history.go(0) in a frameset child document will reload whole frameset (and validate at server)




Document Navigation
17 years ago
10 years ago


(Reporter: John Morrison, Assigned: Radha on family leave (not reading bugmail))



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(1 attachment)



17 years ago
If you have a frameset, for example:

    frameset parent document
      +----> child one <frame>
      +----> child two <frame>

and script in 'child two' calls 'history.go(0)', then this will trigger a reload
of the entire frameset (http://jrgm/cgi-bin/bugs/frameset-history-go/frameset.pl)

In addition, all of the documents will be validated with the server which is 
contrary to Nav4.x behaviour, although apparently IE5.5 on win32 does validate
(at least if it's been told 'no-cache').

Comment 1

17 years ago
Created attachment 57567 [details]
three source files for the testcase (if anyone really cares)

Comment 2

17 years ago
By the way, the reason the headers in the testcase are 

  Pragma: no-cache
  Cache-control: no-cache
  Content-type: text/html

is that I was trying to see if Nav4.x would reload the frameset under any
circumstance, but it does not. However, those flags are not required to 
demonstrate this bug in mozilla.

Comment 3

17 years ago
... and the expected condition in that testcase is that only the text/timers in 
the textbox in the lower document should update. Nothing else should change 
after the initial load of the document. 
jrgm:  The behavior you see is the expected behavior for Netscape 6.0 and above.
we broke away from the NS4.x behavior in this case. Frame specific javascript
history is not supported anymore for modularity and easy managebility of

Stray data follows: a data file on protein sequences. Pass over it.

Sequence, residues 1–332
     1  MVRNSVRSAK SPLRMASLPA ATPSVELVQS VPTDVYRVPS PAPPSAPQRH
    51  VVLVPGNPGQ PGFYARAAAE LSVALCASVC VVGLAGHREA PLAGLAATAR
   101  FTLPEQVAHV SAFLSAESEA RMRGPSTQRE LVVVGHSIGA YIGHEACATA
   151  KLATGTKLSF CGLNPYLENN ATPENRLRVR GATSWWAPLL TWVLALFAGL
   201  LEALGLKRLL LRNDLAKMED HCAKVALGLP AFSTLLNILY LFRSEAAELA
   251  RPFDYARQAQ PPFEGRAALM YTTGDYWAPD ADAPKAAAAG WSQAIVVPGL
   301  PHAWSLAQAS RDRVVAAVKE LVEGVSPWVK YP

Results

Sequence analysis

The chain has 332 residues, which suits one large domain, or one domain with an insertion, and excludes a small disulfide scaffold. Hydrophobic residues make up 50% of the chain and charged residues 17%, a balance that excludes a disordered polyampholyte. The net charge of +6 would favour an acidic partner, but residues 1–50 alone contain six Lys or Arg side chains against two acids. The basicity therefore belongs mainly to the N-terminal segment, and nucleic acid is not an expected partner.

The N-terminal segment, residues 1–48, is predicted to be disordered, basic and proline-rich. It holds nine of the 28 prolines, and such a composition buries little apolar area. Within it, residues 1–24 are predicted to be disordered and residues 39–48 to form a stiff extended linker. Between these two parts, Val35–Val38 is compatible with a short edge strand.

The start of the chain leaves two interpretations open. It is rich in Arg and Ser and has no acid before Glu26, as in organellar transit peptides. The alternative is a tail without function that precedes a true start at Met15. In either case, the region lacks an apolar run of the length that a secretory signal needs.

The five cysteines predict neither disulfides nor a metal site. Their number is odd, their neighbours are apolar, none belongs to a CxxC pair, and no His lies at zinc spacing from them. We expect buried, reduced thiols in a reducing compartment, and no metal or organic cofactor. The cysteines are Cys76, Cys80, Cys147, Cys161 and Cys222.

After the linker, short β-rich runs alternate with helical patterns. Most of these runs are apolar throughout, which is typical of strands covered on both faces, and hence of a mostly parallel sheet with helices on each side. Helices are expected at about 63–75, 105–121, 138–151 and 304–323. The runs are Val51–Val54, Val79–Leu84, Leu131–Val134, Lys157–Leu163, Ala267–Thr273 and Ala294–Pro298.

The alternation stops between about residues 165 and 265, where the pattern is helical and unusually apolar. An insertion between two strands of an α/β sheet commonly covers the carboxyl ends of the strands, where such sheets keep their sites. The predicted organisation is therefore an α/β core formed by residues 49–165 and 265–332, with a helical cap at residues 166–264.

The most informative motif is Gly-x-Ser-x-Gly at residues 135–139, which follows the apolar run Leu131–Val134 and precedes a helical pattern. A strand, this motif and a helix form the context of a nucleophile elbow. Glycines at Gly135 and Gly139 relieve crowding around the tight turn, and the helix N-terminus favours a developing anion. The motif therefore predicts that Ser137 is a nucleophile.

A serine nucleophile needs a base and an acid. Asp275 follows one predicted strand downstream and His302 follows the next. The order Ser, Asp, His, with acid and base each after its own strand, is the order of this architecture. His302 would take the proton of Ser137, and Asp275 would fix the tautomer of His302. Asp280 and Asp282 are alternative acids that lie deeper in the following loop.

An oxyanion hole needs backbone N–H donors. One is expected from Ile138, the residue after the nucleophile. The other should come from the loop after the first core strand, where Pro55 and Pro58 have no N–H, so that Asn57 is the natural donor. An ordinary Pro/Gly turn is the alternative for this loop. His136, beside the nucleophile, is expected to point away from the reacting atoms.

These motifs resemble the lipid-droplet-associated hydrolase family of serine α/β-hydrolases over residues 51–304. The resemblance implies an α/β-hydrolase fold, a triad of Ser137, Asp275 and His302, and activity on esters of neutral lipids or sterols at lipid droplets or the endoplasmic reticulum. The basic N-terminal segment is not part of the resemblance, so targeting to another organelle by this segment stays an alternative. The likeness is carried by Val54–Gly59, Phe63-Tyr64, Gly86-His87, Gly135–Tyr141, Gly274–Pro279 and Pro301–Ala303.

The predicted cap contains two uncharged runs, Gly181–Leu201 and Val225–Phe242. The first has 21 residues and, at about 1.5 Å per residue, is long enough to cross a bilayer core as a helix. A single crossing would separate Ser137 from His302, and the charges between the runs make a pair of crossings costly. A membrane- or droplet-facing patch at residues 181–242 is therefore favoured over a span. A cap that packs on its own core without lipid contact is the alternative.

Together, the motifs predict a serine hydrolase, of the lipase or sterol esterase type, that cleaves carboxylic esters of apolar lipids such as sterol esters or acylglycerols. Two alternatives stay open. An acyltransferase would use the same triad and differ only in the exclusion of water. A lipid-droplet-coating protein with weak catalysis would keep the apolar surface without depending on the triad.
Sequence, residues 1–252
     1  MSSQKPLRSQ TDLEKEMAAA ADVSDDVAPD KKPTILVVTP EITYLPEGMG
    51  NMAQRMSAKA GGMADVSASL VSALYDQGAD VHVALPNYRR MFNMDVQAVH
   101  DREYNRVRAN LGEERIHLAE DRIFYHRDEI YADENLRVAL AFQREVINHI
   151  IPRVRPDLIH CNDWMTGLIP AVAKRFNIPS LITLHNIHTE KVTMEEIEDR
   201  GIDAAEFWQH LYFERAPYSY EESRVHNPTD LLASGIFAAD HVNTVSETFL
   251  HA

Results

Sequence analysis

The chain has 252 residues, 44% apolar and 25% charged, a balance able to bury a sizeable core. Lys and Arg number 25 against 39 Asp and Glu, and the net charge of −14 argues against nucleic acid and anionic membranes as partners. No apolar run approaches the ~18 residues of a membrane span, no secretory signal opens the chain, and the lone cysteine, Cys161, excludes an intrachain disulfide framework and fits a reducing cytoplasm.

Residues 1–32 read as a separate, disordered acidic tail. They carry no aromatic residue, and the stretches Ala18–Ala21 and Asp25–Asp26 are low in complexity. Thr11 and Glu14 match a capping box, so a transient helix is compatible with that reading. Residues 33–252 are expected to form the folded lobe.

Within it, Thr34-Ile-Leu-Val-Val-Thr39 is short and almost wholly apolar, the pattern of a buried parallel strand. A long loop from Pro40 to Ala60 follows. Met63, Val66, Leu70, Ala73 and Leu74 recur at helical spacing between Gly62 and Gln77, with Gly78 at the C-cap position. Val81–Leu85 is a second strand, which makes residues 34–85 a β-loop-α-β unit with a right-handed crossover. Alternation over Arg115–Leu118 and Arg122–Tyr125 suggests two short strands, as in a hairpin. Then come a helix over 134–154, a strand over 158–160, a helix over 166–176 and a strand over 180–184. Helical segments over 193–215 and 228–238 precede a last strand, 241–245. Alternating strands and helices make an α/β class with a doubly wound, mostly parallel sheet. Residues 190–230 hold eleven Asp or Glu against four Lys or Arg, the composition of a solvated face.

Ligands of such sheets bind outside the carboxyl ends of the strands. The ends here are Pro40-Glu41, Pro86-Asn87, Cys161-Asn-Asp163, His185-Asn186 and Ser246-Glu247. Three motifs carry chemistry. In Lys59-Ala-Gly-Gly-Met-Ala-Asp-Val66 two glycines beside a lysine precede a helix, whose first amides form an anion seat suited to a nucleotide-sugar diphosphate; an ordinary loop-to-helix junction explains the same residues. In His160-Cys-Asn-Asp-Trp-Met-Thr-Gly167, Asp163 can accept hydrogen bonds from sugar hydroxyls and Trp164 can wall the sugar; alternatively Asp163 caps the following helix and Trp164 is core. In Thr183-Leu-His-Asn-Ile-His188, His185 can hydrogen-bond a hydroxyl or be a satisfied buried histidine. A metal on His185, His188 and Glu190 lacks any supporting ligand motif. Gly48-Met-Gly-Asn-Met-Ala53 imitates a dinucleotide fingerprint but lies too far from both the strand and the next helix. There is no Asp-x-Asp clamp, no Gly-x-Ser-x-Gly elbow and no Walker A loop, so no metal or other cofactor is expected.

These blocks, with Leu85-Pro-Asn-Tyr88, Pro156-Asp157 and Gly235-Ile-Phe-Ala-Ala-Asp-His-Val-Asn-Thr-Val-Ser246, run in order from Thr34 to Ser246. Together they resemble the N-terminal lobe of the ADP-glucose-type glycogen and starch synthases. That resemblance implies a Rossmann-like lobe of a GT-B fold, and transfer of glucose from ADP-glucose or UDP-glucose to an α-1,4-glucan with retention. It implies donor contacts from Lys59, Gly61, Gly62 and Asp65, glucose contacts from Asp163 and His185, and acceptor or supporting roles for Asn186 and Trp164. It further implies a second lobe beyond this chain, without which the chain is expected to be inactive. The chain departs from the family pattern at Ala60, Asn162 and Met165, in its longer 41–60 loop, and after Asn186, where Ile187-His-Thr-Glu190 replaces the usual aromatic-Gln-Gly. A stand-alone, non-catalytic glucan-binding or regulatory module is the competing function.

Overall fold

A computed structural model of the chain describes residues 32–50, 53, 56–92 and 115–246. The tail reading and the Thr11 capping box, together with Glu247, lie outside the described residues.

history.  Frame specific navigations are tied to the  window's session history.
so history.go()/back()/forward() will perform those operations on the whole
window. The change in behavior is not very obvious in
history.back(),history.forward() and history.go(a non-zero number).  However it
is noticeble in history.go(0). If you are looking for a frameset specific
reload, I suggest that you use, location.reload() which will be performed on the
frameset only. 

However, when history.go(0) is performed on the whole page, I do not expect a
server validation. It should fetch it from cache. I will look in to that. 
Target Milestone: --- → mozilla0.9.7

Comment 5

17 years ago
Hmm, I could have sworn that this was pinging the server in the build 
i was using (yesterday's trunk) but a current build is not validating on 
history.go(-1|0|1) or history.back/history.forward(). (Maybe it was the 
no-cache case that I wasn't sure about whether back/forward should validate
no-cache stuff). 

See either 
and do 'tail -f /etc/httpd/logs/access_log' on jrgm.mcom.com

But, I'm not sure I quite get why 'history.go(0)' is producing something 
different from 'history.go(N)' with N not equal to zero. Specifically, the 
history.go(0) will cause javascript in all the frames to be recompiled and 
executed, whereas history.go(-1) will cause only the current frame where that 
call was made to retrigger the JS. 

I'm just wondering if someone "out there" is depending on retaining state in